Carter Godwin Woodson is considered by many to be the father of African-American history. The son of former slaves, in 1912 Woodson earned his Ph.D. in history at Harvard University, the second African-American to earn a doctorate – the first being W. E. B. DuBois.
Noting that African-American contributions “were overlooked, ignored, and even suppressed by the writers of history textbooks and the teachers who use them,” in 1926 he originated the concept of Negro History Week, which he set in the second week of February – which coincided with the birthdays of Abraham Lincoln and Frederick Douglass. That week of recognition soon became largely accepted, and was eventually extended for the full month of February – becoming known as Black History Month.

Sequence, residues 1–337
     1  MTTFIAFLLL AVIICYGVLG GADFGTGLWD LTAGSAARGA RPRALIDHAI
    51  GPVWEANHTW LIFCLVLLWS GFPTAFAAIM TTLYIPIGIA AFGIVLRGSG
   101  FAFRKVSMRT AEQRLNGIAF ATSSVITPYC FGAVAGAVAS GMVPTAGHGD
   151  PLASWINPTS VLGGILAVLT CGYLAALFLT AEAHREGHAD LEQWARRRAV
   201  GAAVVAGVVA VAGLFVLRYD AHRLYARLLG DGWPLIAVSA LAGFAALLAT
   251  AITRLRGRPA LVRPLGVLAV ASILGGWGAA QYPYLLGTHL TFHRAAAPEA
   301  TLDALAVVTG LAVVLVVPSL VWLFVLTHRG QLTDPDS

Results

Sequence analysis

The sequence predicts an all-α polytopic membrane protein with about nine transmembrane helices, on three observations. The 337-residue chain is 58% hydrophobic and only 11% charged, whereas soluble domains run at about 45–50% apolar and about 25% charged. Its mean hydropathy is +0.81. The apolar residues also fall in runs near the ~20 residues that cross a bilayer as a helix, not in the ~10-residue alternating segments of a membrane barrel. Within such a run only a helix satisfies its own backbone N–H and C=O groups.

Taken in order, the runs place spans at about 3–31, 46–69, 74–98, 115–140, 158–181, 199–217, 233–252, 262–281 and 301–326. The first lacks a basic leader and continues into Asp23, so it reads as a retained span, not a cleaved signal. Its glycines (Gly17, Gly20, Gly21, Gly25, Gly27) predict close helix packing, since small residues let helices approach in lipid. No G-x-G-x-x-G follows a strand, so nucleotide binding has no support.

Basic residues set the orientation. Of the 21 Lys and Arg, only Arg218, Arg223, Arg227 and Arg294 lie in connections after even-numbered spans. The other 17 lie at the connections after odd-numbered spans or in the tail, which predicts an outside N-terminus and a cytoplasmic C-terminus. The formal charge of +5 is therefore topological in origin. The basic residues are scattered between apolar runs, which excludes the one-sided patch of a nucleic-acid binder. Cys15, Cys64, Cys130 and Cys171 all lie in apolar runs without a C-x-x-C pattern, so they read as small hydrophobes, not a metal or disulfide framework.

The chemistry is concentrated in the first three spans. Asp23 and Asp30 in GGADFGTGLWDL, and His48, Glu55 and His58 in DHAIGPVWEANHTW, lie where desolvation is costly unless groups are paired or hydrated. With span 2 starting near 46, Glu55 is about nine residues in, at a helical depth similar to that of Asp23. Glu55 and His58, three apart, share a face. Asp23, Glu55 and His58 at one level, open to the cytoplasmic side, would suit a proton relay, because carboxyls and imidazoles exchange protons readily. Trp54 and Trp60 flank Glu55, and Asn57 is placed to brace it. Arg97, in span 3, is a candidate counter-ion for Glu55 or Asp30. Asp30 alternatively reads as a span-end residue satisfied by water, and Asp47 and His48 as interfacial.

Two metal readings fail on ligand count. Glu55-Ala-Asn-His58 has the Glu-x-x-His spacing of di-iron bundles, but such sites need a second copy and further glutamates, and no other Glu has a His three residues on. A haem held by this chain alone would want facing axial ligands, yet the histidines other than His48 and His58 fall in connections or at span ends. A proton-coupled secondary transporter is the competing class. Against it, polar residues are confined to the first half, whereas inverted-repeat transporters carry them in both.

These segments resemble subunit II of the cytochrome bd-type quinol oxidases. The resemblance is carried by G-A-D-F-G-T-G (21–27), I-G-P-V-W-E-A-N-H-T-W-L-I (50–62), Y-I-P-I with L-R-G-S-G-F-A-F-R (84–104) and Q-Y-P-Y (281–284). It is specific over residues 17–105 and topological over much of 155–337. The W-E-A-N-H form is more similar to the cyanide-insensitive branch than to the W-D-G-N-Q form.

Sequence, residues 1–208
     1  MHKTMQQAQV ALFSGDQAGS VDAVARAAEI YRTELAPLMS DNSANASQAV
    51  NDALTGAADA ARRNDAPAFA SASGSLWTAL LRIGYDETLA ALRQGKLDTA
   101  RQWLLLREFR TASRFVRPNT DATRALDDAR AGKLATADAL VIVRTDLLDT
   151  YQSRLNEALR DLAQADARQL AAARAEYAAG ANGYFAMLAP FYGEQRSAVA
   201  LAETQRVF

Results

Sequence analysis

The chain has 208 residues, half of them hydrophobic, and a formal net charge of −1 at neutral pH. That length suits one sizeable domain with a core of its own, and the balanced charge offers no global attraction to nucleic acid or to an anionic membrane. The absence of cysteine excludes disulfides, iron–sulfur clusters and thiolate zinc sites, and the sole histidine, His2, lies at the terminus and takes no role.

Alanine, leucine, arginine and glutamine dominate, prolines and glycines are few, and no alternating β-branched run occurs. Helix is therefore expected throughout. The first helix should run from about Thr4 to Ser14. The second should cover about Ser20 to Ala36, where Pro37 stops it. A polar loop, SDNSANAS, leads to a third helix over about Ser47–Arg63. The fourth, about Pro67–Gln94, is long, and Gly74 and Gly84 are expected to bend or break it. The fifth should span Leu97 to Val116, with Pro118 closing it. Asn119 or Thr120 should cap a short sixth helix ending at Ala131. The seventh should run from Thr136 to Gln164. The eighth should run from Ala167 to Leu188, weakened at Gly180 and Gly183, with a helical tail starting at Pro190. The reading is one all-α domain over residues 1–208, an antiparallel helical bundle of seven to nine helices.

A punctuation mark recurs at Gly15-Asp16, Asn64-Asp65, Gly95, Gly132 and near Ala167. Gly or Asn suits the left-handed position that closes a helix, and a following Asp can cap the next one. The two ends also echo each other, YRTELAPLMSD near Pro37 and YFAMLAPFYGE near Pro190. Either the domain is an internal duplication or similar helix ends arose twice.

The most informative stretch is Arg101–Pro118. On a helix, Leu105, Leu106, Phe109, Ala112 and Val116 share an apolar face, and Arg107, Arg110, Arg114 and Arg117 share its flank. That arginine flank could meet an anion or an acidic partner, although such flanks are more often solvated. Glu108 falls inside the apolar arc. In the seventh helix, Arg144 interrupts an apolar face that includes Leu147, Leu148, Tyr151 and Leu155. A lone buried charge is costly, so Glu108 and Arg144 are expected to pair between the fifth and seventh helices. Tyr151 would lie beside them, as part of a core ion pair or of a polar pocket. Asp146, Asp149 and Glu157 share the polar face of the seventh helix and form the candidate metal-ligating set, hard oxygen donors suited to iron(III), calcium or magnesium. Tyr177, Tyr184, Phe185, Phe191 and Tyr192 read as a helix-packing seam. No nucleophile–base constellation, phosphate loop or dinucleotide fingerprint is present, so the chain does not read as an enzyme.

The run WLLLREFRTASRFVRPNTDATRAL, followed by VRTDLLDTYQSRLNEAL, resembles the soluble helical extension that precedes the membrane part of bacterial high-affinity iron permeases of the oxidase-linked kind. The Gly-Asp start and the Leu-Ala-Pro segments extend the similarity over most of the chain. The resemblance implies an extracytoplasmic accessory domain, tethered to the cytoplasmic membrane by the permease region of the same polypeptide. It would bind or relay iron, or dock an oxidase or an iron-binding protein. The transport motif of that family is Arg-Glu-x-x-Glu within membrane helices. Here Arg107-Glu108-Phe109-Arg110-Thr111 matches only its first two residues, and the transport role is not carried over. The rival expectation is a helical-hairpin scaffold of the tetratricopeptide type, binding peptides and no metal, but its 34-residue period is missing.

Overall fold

The material that makes up The Mis-Education of the Negro was originally a series of speeches and essays delivered and written by Woodson in the late 1920s and early 1930s, but which he collected into book form in 1933. It is still considered a classic piece of African-American writing and is widely in high school and college classrooms.
Education, Development Studies, History, AFRICA & NORTH AMERICA